It was a pretty boring game. Both teams were cautious and seemed to play more to avoid losing than actively working to win. Little down-field passing. Few blitzes. Despite having two of the league’s elite quarterbacks, the focus was more on ball control than anything else. Only one turnover, and it didn’t matter. All in all, not much drama to keep your attention.
The other stuff, of course, was a different story. The commercials were great, especially the Dortio’s ad with the dog and the (missing) cat. Loved it, but that may reflect my personal values. And I thought Madonna’s half-time show was jaw-dropping. The Egyptian motif for her entrance into the stadium was over the top. I pity whoever has to do next year’s show.
The Super Bowl is America’s premier event every year, and that includes non-sporting venues. What other event has created its own holiday? The weekend might as well be declared a national holiday. A commercial pilot I know told me that the Super Bowl weekend in his company has the highest rate of sick absences of the entire year, including Christmas. Last night’s broadcast reached over 110 million Americans and had the potential of being viewed by 1 billion people world-wide.
While the size of the size of the Super Bowl’s audience probably doesn’t surprise us—after all, we’ve lived with it for years—it may surprise us to learn how much it has to teach us. Turns out that the Super Bowl really does matter to churches. Here’s why:
The Super Bowl exposes the true value of entertainment. This is the largest sporting event in the nation, but it’s less about football than it is about marketing. The NFL is the richest sports league in the world with the average franchise worth over $1 billion. The product that they sell is entertainment, and the league does an amazing job of doing that. The Super Bowl is just the annual celebration of what goes on all year. But the thing about entertainment is that there’s no lasting value for it. What entertains one year has to be improved on to achieve the same amount of entertainment value the next. It’s a never-ending cycle.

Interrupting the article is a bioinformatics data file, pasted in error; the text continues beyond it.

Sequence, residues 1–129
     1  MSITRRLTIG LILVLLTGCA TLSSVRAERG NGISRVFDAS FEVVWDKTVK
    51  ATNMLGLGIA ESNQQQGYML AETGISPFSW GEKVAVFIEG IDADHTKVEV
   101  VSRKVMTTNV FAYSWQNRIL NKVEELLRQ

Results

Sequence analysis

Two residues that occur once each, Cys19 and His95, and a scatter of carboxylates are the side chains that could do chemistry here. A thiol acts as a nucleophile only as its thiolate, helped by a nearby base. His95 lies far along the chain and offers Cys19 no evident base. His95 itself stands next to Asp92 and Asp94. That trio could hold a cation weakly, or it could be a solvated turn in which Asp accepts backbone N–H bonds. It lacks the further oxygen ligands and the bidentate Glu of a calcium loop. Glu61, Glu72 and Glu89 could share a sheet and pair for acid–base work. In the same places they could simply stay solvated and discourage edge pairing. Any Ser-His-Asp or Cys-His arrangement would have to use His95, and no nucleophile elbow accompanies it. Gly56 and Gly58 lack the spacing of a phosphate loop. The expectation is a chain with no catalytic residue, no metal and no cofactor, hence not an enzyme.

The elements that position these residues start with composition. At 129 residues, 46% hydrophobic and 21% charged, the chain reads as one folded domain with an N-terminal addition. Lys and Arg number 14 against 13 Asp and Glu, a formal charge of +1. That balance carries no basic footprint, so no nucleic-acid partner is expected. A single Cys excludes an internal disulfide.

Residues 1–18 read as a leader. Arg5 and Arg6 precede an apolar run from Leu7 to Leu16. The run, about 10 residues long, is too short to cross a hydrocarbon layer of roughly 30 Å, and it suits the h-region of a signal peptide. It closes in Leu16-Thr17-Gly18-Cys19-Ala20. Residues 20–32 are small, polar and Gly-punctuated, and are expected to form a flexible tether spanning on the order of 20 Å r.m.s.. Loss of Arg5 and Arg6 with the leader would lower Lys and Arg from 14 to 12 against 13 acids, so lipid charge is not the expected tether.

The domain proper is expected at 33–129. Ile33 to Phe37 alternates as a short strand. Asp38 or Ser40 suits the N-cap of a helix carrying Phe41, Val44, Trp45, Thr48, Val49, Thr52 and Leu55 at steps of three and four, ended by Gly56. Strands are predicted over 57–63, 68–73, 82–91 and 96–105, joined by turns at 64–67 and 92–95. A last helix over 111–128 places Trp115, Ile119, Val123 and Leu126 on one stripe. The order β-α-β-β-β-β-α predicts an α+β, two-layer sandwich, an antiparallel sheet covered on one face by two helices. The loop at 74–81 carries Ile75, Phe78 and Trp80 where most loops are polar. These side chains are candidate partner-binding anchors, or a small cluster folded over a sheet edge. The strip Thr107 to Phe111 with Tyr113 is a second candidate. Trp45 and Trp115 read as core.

Churches that fall into the trap of adopting entertainment as their main attraction soon learn how the process works. How else to explain, for instance, the trajectory of someone like Joel Osteen, who continues to double-down on his positive-living message, when in fact it has no substance to it whatsoever? It’s entertainment with a Christian façade. Effective church ministry today has to choose authenticity over entertainment.
The Super Bowl shows the limitations of celebrity leadership. The NFL is a quarterback driven league. Teams rise or fall according to the ability of their quarterback, and more precisely, according to how their quarterback functions in any given game. Tom Brady, for instance, in last night’s game, didn’t do too well. He didn’t perform according to his normal standards. And as a result, his team lost.